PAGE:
King of the Fairies

Luvzbluez Poetry, Angels, Fairies, and Other Mystical Things

The King of the Fairies
From J. Bowker, Goblin Tales of Lancashire, p. 52.

On the high road from Manchester to Stockport, where Levenshulme Church now stands, there lived many years ago an old man named Daniel Burton. (His grandson was afterwards for many years Rector of All Souls' Manchester.)

"Old Daniel" was amazingly lucky. All that he did turned out well, so that in time it began to be said that he must be in league with the Devil. Some of the younger men, jealous of his prosperity, were bold enough to tax him with this, but Daniel settled that argument with the use of a gold, tough, black-thorn.

In fact, as some of the neighbors suspected, it was not the Devil, but Puck himself who was the mysterious helper, though Daniel would never say how he had come to win his help. But the farm-labourers, and dairy-maids, and the women in the house were never tired of boasting how all their work used to be done for them. They were not in the least afraid of him, and for many years Puck, the King of the Fairies, continued with his willing services.

Early one morning, as Daniel sat at breakfast, a labourer rushed into the room and cried out that all the corn had been "housed" during the night. Sure enough, when Daneil went out to see, the field was clear, and there was Puck coming to meet him across the field. But instead of thanks, the farmer greeted him with an anxious, "Puck, I doubt thou'st spoiled yon horses!" The fairy went pale with anger, and shouted in a shrill voice:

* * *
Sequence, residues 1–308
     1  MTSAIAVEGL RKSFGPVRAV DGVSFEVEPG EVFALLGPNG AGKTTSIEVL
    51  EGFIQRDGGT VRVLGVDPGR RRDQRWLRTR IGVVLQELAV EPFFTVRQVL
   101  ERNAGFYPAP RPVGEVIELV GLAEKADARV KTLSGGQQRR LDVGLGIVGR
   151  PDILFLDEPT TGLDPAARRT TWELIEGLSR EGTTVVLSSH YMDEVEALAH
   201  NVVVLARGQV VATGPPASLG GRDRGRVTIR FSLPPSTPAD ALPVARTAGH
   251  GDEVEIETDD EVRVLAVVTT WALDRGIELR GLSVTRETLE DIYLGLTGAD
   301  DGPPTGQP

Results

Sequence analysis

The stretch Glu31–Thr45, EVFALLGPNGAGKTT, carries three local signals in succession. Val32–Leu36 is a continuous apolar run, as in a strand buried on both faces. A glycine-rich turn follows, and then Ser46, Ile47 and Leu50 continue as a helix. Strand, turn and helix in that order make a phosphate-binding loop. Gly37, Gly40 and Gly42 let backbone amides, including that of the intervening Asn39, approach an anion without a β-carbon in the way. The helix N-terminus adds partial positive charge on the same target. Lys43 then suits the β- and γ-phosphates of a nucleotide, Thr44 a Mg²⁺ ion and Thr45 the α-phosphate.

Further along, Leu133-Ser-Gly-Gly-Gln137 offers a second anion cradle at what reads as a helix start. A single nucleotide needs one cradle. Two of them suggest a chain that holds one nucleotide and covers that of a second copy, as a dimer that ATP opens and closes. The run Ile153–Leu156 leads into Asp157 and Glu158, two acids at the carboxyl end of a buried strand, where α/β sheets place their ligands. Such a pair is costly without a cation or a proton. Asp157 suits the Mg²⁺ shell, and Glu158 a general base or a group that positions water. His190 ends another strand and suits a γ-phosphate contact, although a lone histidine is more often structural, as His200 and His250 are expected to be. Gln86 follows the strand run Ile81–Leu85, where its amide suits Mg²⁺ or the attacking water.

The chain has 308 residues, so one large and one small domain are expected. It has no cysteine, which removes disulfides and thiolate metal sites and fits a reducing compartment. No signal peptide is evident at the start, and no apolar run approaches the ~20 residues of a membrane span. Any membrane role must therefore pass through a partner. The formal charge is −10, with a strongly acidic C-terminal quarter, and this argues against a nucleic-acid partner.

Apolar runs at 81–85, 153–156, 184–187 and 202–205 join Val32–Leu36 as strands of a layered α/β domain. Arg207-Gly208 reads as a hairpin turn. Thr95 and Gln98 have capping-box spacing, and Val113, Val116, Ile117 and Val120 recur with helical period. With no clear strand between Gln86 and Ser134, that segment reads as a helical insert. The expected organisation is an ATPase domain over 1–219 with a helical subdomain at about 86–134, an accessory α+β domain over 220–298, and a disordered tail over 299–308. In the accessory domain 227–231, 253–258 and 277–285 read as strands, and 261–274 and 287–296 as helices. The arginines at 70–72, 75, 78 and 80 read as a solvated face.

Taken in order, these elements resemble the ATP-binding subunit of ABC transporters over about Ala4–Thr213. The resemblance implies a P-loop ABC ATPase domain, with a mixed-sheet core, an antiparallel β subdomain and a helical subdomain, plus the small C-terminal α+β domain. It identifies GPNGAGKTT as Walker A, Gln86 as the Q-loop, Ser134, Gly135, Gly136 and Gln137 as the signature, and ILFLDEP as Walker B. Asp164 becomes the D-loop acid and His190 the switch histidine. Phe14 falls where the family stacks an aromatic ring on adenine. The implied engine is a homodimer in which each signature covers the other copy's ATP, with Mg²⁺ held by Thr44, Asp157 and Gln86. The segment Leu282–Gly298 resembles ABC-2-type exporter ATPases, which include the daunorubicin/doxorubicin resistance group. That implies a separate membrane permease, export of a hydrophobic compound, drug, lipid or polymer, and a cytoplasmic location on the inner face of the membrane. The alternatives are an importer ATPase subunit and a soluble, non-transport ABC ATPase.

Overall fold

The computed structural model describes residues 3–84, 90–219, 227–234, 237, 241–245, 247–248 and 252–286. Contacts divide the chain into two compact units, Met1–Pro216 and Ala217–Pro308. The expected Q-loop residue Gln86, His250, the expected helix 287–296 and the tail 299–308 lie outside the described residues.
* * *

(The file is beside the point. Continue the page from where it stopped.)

"Sheaf to field and horse to stall,
I, the Fairy King, recall!
Never more shall drudge of mine
Stir a horse or sheaf of thine."

Next morning, when Daniel was again at his breakfast, he was again disturbed by a messenger, who cried, "Master, the corn's all back in the field!"

And so it was; from that time no work was done for Daniel on the farm, though indoors the maids found their helper as willing as ever. The envious neighbors rejoiced that Daniel had fallen out with his fairy, and Daniel himself grew sad and dejected. One day he met a neighbor, who asked the reason for his sorrow. "You miss your night-man?" he said. At that moment Daniel caught sight of the fairy crouching behind a hedge, as though to overhear what was being said.

Eager to make his peace with him, he cried out, "Aye, I do, Abrum, and may God bless Puck, the King of the Fairies."

There was a startled cry from behind the hedge, but when they looked the fairy had vanished, and no one on the farm, indoors or out, ever saw him again.

The Fairies as Fallen Angels
Lady Wilde, Ancient Legends of Ireland, pages 48-49.

The Islanders, like all the Irish, believe that the fairies are the fallen angels who were cast down by the Lord God out of heaven for their sinful pride. And some fell into the sea, and some on the dry land, and some fell deep down into hell, and the devil gives to these knowledge and power, and sends them on earth where they work much evil. But the fairies of the earth and the sea are mostly gentle and beautiful creatures, who will do no harm if they are let alone, and allowed to dance on the fairy raths in the moonlight to their own sweet music, undisturbed by the presence of mortals.

As a rule, the people look on fire as the great preservative against witchcraft, for the devil has no power except in the dark. So they put a live coal under the churn, and they wave a lighted wisp of straw above the cow's head if the beast seems sickly. But as to the pigs, they take no trouble, for they say the devil has no longer any power over them now. When they light a candle they cross themselves, because the evil spirits are then clearing out of the house in fear of the light. Fire and Holy Water they hold to be sacred, and are powerful; and the best safeguard against all things evil, and the surest test in case of suspected witchcraft.



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